[Roderick] was an upright and worthy citizen and loved and respected by those who knew him.  His being translated into the new life will leave a vacant place not only in the hearts of loved ones but in his wide circle of friends and neighbors . . . “
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While I do not know the story behind Roderick's pocket watch, I am grateful that his great grandson shared pictures of it with me.  Doing so caused me to take the time to look at Roderick's life a little closer and in the process I was able to see evidence of his generosity and kindness and the way in which Roderick used his time to lift and bless others in their need.  It seems only fitting that a pocket watch has been passed down through generations as truly his use of his time ultimately defined him.

Copyright © Michelle G. Taggart 2013



Pictures of Roderick's watch and headstone generously shared by Great Grandson, Lloyd Ganus.

Obituary shared with me by descendants, but source not recorded.


Thursday, May 30, 2013

Giggling With The Pig


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I’ll always remember the day we drove into a small little West Texas town on our move  from California and spotted a Piggly Wiggly sign.  Our family had never seen a Piggly Wiggly, much less heard of that particular grocery store chain and so my brothers and I did what came most natural to us kids, we laughed ourselves silly. 

After years of living in the Texas, we grew accustomed to the name and joined the locals in shopping there.  Years passed and eventually my family moved away and I’ve never seen a Piggly Wiggly since.

Recently as I was going through some family pictures, I came across this picture of my Grandpa’s twin brother, Orson Merritt Ganus, driving a Piggly Wiggly truck.  I couldn’t help but smile at the site of the Piggly Wiggly logo on the side.

Orson Merritt Ganus
Orson Merritt Ganus
I wish I knew the full story behind this picture.  Was it possibly taken on Orson’s first day of work at Piggly Wiggly? Dressed in a suit and tie, this job was in stark contrast to the farm life he had experienced in Colorado as a young man and I wonder if he felt an anxiety over that difference.  Was he excited and hopeful for a future in a new career?

While I am unsure exactly when this picture was taken, based on pictures of grocery trucks found on the internet, my best guess would be that this picture was taken in approximately the late 1920’s or early 1930’s.  I turned to the census to see if I could find any clues about when Orson worked with Piggly Wiggly.

In 1920, Orson was living in Sanford, Colorado where he worked as a farm laborer according to the census.1    But by 1930, Orson had moved and was living in Okmulgee, Oklahoma.  Orson married Frieda Hembree in May of 1924 and by 1930 they had one son, and were expecting their second child.  On the 1930 census, Orson is listed as a salesman for a grocery store and Frieda indicated that she was working as a sales girl at a dry goods store2. This seems to support the possibility that the picture of Orson was taken around 1930, give or take a few years.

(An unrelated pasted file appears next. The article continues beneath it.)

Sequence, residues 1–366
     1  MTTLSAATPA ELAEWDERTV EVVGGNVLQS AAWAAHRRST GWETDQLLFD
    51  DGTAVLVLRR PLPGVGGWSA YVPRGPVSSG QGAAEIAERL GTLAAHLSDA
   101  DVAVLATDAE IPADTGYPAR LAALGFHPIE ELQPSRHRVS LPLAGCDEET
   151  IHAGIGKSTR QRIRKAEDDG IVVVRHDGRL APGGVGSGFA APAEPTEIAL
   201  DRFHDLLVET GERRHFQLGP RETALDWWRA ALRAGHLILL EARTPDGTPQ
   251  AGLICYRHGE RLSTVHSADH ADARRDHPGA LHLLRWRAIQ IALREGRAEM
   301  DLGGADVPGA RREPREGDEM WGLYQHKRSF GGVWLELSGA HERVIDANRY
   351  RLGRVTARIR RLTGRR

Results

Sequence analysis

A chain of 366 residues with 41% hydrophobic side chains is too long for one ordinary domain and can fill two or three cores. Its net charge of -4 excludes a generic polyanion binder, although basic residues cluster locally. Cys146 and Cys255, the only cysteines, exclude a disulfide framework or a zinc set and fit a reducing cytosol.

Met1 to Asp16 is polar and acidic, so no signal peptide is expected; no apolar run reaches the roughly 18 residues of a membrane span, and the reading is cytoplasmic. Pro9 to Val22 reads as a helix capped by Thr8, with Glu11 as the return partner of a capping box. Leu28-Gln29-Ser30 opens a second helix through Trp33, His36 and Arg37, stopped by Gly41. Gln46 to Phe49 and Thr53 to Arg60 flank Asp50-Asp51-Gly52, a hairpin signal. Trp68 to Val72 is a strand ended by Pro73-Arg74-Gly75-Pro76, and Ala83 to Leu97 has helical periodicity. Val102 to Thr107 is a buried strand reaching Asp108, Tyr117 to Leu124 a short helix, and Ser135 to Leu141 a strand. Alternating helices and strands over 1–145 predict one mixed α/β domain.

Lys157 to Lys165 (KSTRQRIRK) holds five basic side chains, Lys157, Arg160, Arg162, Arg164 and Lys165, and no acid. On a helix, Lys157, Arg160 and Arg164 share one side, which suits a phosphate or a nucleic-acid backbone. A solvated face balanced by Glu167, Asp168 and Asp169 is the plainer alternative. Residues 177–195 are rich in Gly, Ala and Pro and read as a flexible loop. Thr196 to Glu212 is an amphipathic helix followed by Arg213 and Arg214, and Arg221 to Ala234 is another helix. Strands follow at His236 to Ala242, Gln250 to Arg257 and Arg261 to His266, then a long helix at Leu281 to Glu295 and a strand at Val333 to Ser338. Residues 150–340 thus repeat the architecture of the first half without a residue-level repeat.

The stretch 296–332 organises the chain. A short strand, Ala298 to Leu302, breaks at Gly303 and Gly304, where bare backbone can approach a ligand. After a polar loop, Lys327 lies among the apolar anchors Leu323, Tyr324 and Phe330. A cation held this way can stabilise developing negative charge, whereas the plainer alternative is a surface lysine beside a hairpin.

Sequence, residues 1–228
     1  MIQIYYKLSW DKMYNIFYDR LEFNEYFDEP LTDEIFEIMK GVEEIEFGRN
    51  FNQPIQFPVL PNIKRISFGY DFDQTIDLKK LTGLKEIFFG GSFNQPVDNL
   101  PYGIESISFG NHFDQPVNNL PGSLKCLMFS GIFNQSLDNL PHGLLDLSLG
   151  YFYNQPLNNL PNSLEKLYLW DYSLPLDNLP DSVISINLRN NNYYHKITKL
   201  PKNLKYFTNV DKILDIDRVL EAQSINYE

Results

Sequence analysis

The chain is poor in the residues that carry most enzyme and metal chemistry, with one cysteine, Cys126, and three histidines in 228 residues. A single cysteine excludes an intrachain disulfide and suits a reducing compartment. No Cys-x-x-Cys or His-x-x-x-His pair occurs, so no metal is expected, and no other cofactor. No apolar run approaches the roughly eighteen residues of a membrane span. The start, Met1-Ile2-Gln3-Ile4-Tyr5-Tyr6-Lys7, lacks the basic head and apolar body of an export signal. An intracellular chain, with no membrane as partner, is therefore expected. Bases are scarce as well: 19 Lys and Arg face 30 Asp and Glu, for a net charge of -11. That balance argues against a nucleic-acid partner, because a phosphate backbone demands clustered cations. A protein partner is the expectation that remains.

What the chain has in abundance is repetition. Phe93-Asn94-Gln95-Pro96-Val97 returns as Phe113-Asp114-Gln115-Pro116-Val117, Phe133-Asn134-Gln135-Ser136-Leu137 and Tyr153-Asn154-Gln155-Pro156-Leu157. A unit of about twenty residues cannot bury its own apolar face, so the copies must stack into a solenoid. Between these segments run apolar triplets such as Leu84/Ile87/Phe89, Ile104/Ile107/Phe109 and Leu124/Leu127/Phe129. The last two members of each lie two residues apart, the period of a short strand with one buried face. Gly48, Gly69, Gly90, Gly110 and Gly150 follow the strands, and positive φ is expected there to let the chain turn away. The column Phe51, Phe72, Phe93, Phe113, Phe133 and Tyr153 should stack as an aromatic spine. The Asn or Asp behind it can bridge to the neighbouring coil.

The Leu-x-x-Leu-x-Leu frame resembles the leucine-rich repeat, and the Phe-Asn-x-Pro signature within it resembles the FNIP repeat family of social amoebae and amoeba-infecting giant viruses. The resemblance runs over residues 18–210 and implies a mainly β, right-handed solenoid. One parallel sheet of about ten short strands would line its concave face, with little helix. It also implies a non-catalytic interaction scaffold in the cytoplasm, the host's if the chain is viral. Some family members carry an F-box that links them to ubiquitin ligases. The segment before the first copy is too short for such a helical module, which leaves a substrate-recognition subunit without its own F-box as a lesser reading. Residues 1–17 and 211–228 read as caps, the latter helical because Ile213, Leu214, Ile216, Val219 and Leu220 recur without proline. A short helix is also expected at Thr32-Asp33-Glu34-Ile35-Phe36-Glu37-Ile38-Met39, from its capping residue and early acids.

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imageHad Orson taken a job as a salesman with the hope of being able to better provide for his growing family? With a second child on the way, was he looking for a job with a higher earning potential?

Being a  salesman did not become a lifetime pursuit for Orson, however, as evidenced by the 1940 census, where he is no longer listed as a salesman, but is listed as a filling station attendant.3

Did the job of salesman not suit him?  Were the hours too long?  Was there too much pressure or was wearing a suit too foreign? While I may never know any more about Orson’s time as a grocery salesman or why he didn’t continue in that job, I am grateful to have a copy of the picture of him driving a Piggly Wiggly truck.  This image adds dimension to Orson’s life and makes me think that he was willing to try different things in an effort to support his family. In addition, the picture reminds me of time with my brothers and when something as simple as a sign seemed hysterically funny.

Copyright © Michelle G. Taggart 2013


1.  1920 U.S. Census,  Sanford, Conejos,Colorado, population schedule, Sanford Town, Enumeration District (ED) 35, sheet 6-B, p. 6B; 35; p. 120 (stamped)  dwelling 114, family 118, Orson Hanus, (http://www.ancestry.com: accessed 28 May 2013) citing National Archives microfilm publication T625_157.

2.  1930 U.S. Census, Okmulgee, Okmulgee, Oklahoma; population schedule, Okmulgee City, Enumeration District (ED) 56-28, sheet 8-B, p. 88 (stamped) dwelling 185, family 190, Orson Ganus (http://www.ancestry.com: accessed 28 May 2013) citing National Archives microfilm publication T626

3.  1940 U.S. Census, Okmulgee, Okmulgee, Oklahoma, population schedule, Okmulgee City, Enumeration District (ED) 56-30, sheet 7-B, p. 408 (stamped), line 72, Visited No. 149, Orson Ganus (http://www.ancestry.com: accessed 28 May 2013) citing Nation Archives microfilm publication T627_3319 .
Piggly Wiggly sign and Piggly Wiggly store front pictures from Wikipedia Commons, Public Domain.  

Thursday, May 23, 2013

Spring With Forty Acres and a Plow

imageI am always thrilled when I see the first crocus poke its head through the soil …..it brings with it anticipation and excitement for spring and warmer weather.  As I recently drove  to the nursery to select plants and seeds for my garden, I wondered what spring meant to my ancestors. Many of my ancestors were Georgia farmers and so I suspect that for them spring meant work, hope and anticipation for a bountiful harvest.